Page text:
I do apologize for the inconvenience that the limited supplies in the restrooms might have caused, however, we have to get through the year and once we get a delivery from the county, there is no telling when we will see another. Thank you for your patience.


And Crawfort wants $300K!

Anonymous said...

from anon12.08

and, of course, here's the other great money-saving tactic (other than furloughs and 10% paycut and no step increase and no pension payments and no raise) from those wild and crazy administrators on North Decatur RD:

To: All DeKalb School Principals and CTSSs
From: Joseph Swing, Assistant Director, Technical and Support Services
Through: Tony Hunter, Executive Director, Management Information Systems
Subject: New Workstation Power Down Procedures
Date: 18 December 2009

In a effort to reduce our overall power consumption and electrical costs, Management Information Systems will begin shutting down all teacher and student workstations starting at 9:00 p.m. each evening. Please notify your teachers that they will need to power on both teacher and student workstations at the beginning of each school day.

If you experience any problems with this new power down procedure, please contact my office at x61174.


Why bother turning them on? Most of the computers don't work, especially to run the Promethean boards and eShit.

HoHoHo. Merry Crawfort!

Dekalbparent said...

Anon 12:08


Anonymous said...

RULE #1: This is a conversation, not a writing contest, so we don't correct grammar, spelling or any other typo - we all know what we meant to say

Normally, I would agree, but I think the point is valid in this case. This individual claims to be a teacher. This was not just mispelling of word, or a grammatical error. This was the use of an incorrect word - aloud vs allowed. I think pointing out that a teacher cannot use the proper word is a valid point.

Anonymous said...

Hey, this is a parent of a high schooler. While I usually do not condone profanity, I just love your new name for Esis- Esh_t.

My child is getting close to college so grades are very crucial. For the past week we could log into Esh_t and get the overall grade point average, but when we clicked on "details" nothing came up and often froze my computer. What a mess.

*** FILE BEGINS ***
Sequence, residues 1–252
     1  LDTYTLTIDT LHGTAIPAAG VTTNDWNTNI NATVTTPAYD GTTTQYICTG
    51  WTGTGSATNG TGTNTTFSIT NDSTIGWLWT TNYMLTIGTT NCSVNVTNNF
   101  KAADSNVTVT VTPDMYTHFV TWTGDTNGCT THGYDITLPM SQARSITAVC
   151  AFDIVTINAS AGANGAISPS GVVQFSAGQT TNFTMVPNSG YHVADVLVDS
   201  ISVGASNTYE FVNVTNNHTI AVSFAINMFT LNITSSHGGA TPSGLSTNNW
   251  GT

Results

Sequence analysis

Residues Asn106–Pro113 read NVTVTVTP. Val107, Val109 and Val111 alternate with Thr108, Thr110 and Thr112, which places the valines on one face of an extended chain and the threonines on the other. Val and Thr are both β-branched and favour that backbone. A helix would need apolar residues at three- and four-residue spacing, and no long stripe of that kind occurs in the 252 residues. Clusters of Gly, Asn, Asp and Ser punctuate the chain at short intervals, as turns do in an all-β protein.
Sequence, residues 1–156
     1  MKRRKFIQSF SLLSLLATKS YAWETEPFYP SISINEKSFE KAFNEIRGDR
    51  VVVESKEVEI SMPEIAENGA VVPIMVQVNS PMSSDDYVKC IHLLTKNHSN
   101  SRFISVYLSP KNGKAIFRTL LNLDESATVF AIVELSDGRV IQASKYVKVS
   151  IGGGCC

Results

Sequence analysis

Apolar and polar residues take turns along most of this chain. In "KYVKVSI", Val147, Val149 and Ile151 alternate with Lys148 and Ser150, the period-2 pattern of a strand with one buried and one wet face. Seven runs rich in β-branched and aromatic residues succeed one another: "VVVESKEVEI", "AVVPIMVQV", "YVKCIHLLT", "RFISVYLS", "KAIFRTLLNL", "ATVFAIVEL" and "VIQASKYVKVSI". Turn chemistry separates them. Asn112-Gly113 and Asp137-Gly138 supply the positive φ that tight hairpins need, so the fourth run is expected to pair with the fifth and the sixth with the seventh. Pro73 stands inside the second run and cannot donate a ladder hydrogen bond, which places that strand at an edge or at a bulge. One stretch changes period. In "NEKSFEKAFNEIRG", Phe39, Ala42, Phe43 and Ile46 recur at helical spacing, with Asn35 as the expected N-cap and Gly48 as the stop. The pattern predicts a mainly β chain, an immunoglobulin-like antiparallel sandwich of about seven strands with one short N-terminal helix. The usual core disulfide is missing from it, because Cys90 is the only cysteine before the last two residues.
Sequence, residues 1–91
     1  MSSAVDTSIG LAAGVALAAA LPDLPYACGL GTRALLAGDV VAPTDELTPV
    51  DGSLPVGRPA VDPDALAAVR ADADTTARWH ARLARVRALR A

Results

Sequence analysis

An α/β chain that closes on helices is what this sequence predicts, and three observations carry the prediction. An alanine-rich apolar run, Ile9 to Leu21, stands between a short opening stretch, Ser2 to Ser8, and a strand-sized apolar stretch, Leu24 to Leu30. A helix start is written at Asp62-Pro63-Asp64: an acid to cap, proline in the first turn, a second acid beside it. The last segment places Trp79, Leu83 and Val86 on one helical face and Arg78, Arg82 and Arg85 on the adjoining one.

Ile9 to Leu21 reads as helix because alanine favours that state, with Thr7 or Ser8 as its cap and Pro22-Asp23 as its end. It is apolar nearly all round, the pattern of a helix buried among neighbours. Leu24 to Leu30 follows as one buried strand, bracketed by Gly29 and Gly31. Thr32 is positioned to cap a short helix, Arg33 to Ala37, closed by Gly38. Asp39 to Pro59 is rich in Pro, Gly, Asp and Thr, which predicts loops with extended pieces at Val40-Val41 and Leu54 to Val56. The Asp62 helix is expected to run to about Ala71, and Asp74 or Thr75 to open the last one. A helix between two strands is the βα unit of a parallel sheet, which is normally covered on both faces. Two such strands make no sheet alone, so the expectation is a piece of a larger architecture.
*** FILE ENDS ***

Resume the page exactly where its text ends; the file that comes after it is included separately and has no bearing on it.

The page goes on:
Anonymous said...

I apologize for my spelling mistake. If you read as many poorly written, misspelled words and papers as I do each week, your spelling might not be perfect either.

Sorry, but no one is perfect!

Anonymous said...

Your mistake was not a spelling mistake. Your mistake was using an entirely incorrect word.

Dekalbparent said...

Anonymii - it's time to stop.

Thank you.

Anonymous said...

High School Teachers and IT Department: Why are final exam grades not showing up on Esis? The students are anxious about college but are not sure what their grade is for the semester. In some cases, the grade point average has changed indicating that grades were entered, but when "Details" is clicked the last grades shown are in October! This is inexcusable.

Anonymous said...

I understand from administration and teachers that Esis was up to its old tricks during the last week of school. So teachers are reporting on January 4 and required to input and post all final grades. That'll be interesting, won't it? Since Esis has been known to crash under pressure.

themommy said...

I must be dense but I can't see where the GPA is posted on ESIS. Can someone guide me?

Paula Caldarella said...

Well, Anonymous 7:35, January 4th is a designated Teacher's Workday.

I've never seen a GPA either, themommy. I'd be curious as well.

Anonymous said...

"Your mistake was not a spelling mistake. Your mistake was using an entirely incorrect word."

Speaking of mistakes-my newest version of Microsoft Word fills in words for me as I type. Sometimes it(the computer) guesses wrong. An example would be the Goldilocks and the Three Bears who got to be tGoldilocks and the Three Beers. The wrong word survives spell check because it is spelled correctly. Of course, in this new world of texting and emails hurried typing doesn't make for great composition (do u c?). And who has time to proof read? As if I could see my own mistakes-I only see the mistakes of others! Maybe I really did want three beers.